Gourd Family

California Manroot © KKorbholz

Cucumber Family
Cucurbitaceae (kew-ker-bih-TAY-see-ee)

Iconic Features

  • Herbaceous vines with tendrils
  • Leaves usually palmately lobed
  • Flowers unisexual
  • Inferior ovary

Description (Jepson)

  • Eudicotyledons (eudicots) – a major lineage of flowering plants including most plants traditionally described as dicots and generally characterized by
    • 2 seed leaves (dicotyledon)
    • Netted (reticulate) leaf venation
    • Flower parts in fours and fives
    • Pollen grains with 3 pores (tricolpate)
    • Vascular bundles in stem arranged in a ring
    • Taproot system
  • Herbaceous vines with tendrils
  • Leaves
    • Generally simple (not divided into leaflets); usually palmately lobed (lobes radiating from a single point)
    • Alternate (1 leaf at each junction with stem)
  • Flowers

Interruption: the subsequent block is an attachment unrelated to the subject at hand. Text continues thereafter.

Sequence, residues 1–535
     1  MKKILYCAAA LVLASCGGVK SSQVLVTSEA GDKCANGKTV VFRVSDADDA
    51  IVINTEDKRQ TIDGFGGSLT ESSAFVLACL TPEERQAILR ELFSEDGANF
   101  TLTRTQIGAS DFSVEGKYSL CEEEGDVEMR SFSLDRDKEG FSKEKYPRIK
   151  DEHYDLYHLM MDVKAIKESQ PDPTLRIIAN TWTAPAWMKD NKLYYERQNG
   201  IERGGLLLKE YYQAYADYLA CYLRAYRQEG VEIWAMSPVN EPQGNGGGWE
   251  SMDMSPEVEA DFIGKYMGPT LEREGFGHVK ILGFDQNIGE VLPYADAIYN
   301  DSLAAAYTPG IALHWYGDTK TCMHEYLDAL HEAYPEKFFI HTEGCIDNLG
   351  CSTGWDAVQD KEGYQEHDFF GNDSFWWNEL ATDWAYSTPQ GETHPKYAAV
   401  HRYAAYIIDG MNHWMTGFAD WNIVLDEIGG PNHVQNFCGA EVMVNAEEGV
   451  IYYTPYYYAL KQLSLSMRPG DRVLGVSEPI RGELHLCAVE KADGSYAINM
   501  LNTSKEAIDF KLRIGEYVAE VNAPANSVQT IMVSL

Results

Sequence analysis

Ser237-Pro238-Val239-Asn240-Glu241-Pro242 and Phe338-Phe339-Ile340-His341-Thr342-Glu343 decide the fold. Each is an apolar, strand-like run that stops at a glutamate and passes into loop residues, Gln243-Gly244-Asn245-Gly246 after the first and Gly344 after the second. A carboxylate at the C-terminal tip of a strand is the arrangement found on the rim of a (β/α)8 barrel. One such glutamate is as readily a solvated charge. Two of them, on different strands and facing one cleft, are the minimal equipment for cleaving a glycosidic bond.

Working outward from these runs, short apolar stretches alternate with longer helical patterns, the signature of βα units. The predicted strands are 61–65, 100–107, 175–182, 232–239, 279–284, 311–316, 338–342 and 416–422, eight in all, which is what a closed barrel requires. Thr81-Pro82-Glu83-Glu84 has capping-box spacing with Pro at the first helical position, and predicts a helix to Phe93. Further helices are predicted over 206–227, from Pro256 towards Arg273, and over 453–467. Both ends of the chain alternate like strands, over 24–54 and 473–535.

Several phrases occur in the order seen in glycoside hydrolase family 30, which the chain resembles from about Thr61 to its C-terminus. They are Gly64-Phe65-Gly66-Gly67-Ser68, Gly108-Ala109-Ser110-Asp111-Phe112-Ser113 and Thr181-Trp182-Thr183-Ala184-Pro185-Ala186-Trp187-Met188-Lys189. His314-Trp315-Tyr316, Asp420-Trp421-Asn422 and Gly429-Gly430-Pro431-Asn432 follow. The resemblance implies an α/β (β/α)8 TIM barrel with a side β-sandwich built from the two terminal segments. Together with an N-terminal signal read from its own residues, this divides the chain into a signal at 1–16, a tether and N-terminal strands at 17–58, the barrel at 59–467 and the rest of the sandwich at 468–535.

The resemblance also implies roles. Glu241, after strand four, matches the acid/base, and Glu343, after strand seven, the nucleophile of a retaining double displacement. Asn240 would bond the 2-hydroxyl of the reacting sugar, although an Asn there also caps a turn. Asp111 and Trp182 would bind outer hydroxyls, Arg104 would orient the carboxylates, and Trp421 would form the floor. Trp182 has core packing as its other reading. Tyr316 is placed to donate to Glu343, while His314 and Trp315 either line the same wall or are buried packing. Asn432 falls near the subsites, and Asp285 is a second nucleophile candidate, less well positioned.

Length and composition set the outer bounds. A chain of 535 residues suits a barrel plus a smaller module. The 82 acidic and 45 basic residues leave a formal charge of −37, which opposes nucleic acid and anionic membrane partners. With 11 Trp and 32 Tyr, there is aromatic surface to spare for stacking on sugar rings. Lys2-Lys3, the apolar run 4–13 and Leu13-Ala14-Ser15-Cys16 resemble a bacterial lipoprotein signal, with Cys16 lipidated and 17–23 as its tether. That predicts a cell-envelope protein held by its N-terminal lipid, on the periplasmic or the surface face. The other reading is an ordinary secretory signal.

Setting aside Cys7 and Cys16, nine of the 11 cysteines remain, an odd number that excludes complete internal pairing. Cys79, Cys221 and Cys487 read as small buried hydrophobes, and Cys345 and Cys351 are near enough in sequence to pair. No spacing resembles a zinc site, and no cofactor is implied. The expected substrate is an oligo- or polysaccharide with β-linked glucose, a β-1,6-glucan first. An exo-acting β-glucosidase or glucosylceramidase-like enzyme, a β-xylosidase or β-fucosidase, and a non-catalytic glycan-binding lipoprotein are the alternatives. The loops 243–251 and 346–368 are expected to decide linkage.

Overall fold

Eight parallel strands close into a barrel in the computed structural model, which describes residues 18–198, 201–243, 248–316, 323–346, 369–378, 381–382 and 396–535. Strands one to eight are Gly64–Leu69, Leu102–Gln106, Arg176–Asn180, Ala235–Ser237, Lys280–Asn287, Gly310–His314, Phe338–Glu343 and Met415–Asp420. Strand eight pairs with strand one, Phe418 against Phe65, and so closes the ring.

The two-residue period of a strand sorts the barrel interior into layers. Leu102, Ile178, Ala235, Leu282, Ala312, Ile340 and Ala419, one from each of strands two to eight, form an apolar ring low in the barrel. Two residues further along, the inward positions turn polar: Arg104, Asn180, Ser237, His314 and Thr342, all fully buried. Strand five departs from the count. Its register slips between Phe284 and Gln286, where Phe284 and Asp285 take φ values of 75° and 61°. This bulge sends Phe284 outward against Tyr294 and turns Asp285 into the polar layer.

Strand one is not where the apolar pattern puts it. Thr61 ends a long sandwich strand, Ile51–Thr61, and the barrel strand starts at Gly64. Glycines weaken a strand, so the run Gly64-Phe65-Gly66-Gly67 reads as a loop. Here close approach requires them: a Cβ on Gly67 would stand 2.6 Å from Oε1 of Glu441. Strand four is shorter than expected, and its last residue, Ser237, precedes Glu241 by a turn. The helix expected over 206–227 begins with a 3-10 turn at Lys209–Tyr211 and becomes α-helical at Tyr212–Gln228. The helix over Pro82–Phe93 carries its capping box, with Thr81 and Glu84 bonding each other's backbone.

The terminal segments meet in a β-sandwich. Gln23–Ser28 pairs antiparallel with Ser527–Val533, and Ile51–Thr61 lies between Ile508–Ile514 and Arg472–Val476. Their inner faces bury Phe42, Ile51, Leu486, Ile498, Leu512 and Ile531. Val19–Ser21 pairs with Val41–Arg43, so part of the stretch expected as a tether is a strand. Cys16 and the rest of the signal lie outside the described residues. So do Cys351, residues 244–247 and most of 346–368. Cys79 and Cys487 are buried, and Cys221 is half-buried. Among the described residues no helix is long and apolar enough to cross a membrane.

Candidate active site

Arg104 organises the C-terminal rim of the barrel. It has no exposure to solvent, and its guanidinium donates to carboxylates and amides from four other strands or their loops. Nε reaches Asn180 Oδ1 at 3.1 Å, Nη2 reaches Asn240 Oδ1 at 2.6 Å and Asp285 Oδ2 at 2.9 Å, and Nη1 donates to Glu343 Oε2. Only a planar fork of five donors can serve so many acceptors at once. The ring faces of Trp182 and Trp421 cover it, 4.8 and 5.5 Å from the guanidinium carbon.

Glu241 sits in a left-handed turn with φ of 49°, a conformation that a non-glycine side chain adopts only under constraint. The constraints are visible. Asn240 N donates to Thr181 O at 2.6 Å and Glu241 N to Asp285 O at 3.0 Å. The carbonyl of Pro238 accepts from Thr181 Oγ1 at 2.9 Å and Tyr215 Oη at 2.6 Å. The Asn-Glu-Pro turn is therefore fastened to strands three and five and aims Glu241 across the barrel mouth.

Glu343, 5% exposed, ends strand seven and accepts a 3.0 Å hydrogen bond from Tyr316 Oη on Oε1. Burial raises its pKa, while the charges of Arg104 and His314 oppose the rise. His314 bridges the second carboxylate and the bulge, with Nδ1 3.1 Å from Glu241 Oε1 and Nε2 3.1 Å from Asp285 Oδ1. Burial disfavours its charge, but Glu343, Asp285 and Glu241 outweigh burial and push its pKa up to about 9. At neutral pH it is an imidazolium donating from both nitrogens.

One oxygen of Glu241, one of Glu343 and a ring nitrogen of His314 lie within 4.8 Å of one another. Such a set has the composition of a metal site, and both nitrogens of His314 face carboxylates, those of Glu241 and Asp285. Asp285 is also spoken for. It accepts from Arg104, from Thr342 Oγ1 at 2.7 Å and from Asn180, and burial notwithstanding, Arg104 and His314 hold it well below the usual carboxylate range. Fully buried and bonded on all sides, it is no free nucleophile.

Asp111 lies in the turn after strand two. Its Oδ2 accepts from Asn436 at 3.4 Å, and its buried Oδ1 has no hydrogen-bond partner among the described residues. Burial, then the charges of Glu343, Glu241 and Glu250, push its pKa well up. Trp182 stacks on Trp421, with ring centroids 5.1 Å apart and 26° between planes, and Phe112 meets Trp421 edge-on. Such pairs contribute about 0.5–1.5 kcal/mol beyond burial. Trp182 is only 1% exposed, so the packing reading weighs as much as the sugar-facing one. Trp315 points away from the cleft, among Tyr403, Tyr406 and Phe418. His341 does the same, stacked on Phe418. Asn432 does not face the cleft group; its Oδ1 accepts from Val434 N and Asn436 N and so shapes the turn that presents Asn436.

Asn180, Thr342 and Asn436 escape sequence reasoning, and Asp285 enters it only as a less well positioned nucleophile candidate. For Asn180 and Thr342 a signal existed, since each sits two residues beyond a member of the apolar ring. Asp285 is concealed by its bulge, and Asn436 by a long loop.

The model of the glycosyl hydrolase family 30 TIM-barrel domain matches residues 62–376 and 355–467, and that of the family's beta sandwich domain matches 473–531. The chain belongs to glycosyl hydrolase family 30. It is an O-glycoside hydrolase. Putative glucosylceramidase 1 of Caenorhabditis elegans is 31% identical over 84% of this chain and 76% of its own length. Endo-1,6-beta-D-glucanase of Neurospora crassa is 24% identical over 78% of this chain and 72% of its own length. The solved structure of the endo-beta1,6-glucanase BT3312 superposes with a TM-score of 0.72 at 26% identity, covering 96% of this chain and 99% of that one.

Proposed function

• Usually unisexual, with separate male and female flowers on same plant (monoecious)
    • Inflorescence (flower arrangement) of clusters of male flowers or solitary female flowers at the leaf axil (branching point)
    • Star- or trumpet-shaped flowers, usually with 5 fused sepals (usually green, outer flower parts) and 5 fused petals
    • Ovary inferior (below the attachment of other flower parts)
  • Fruit a berry (a usually multi-seeded fruit with a fleshy ovary wall) or capsule (a dry, multi-chambered fruit that splits open at maturity), often gourd-like with a hard outer rind (pepo)


  • Approximately 700 species worldwide
    • Includes cucumber, pumpkin, squash, and watermelon
  • The dried fibrous fruit of Luffa, a southern Asian vine, is the source of “loofah” sponges (Kirk 2016)
  • Scientific name from the included genus Cucurbita, from the Latin for “gourd”
  • California manroot (Marah fabacea) is the only representative of this family at Edgewood

See General References

Specific References

Kirk, L. 2016, Nov. 17. Luffa or loofah: How to grow and use this amazing plant. Lewis Ginter Botanical Garden.

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